Ah the perks of media consolidation!
As a welcome gift to employees of WarnerMedia, the newly-christened company formerly known as Time Warner Inc., new corporate owner AT&T is offering “robust employee discounts” on AT&T products and services, according to internal memos obtained by Variety. Some staffers had hoped that one benefit of being owned by a telecommunications giant would be free phones. Instead, they’ll have to be content with a 50% discount on voice, text, and data plans, to say nothing of free DirecTV and an upgrade waiver on mobile devices.
The name change and invitation to take advantage of the corporate perks are part of the wide-ranging employee outreach by AT&T brass after it completed its $85.4 billion purchase of Time Warner last week. AT&T honchos have planned a series of town hall meetings across the company, including meetings at HBO in New York, Warner Bros. in Burbank, and Turner in Atlanta. A meeting with corporate staff was set to take place in New York on Monday.
“I look forward to meeting you and fielding your questions,” WarnerMedia CEO John Stankey wrote in a memo to employees on Friday. “I don’t expect that these sessions will answer all your questions. But I hope they will start a dialogue and provide further insight on how the combined company might address industry challenges of consolidation, vertical integration, direct to consumer models, data/advertising innovation and globalization.”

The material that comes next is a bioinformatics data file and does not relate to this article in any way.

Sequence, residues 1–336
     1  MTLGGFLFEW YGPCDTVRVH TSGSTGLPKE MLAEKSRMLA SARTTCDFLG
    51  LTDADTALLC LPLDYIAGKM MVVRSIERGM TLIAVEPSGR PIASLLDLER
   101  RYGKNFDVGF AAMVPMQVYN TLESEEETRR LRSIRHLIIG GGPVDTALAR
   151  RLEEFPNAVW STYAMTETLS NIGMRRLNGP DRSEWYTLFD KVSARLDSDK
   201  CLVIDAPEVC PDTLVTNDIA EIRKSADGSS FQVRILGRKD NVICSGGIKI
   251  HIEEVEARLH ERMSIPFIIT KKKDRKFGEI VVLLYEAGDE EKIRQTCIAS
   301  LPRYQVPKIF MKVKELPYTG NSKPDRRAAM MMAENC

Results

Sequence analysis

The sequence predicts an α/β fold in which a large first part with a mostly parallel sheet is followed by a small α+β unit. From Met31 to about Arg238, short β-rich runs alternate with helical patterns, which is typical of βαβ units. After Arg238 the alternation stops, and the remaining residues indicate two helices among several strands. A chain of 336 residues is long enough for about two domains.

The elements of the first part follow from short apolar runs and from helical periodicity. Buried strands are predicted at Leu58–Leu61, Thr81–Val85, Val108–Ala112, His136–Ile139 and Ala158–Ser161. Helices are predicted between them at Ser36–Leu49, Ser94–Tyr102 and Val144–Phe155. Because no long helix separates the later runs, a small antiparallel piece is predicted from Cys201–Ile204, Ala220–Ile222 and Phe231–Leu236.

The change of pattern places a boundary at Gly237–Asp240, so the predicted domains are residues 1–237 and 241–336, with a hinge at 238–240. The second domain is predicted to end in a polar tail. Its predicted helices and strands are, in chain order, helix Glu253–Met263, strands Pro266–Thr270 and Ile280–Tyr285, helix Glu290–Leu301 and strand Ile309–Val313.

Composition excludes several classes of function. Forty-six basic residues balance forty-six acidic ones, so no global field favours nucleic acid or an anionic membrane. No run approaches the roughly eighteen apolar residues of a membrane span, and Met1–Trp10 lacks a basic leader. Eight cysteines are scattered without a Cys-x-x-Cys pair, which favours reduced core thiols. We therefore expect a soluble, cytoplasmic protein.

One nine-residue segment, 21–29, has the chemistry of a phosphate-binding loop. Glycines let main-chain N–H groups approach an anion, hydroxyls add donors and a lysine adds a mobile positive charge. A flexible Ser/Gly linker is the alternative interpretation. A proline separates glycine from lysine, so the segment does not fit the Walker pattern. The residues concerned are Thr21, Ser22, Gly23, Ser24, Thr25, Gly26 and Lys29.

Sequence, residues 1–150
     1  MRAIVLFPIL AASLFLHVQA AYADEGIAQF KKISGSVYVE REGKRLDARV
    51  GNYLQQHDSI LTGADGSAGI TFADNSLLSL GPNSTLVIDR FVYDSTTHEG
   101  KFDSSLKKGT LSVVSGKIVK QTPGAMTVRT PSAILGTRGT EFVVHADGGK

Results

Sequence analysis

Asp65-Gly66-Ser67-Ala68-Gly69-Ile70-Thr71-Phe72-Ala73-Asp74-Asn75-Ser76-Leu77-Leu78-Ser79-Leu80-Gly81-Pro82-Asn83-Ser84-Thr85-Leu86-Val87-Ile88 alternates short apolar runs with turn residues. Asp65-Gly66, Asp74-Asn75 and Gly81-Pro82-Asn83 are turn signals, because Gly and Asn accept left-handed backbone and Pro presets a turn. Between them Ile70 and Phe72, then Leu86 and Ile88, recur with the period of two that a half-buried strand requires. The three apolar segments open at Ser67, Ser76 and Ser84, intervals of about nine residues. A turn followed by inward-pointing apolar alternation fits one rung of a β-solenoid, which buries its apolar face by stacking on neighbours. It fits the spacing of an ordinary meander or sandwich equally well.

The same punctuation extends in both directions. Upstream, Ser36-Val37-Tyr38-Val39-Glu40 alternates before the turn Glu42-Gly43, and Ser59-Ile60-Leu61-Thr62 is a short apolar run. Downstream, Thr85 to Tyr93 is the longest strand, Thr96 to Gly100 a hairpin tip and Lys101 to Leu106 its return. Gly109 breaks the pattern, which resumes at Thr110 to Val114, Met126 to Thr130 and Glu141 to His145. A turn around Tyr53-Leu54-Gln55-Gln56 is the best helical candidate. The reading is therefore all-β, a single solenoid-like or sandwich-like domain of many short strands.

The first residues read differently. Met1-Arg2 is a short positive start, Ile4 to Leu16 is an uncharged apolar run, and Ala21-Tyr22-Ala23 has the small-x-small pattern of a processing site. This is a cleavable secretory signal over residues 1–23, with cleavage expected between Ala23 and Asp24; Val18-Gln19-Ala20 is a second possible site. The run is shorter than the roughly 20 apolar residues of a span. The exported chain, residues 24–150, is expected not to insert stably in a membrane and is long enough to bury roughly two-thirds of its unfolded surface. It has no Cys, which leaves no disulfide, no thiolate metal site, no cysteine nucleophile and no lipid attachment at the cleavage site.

Stankey made it clear he wouldn’t be offering his views on what content the WarnerMedia brands should make. “I have tremendous respect for the world-class creative talent we have throughout the company,” he said. “My job is to help you continue doing what you do better than anyone, which is why my focus will be on business strategy, distribution, technology/platforms and capital allocation.”
Stankey also elaborated on his priorities in an interview with Variety where he said he was plowing through DVDs and screenings to get up to speed on WarnerMedia’s vast library of content.
The employee town halls starting this week will include a conversation on the Warner Bros. lot Wednesday with studio chairman Kevin Tsujihara and Stankey. Employees are being encouraged to submit questions ahead of the meeting, which will be live streamed across the company.
The Turner meeting in Atlanta is expected to be moderated by CNN anchor Anderson Cooper, while HBO chief Richard Plepler will emcee a town hall on Tuesday.
A request seeking comment from a WarnerMedia spokesman was not immediately returned Monday.
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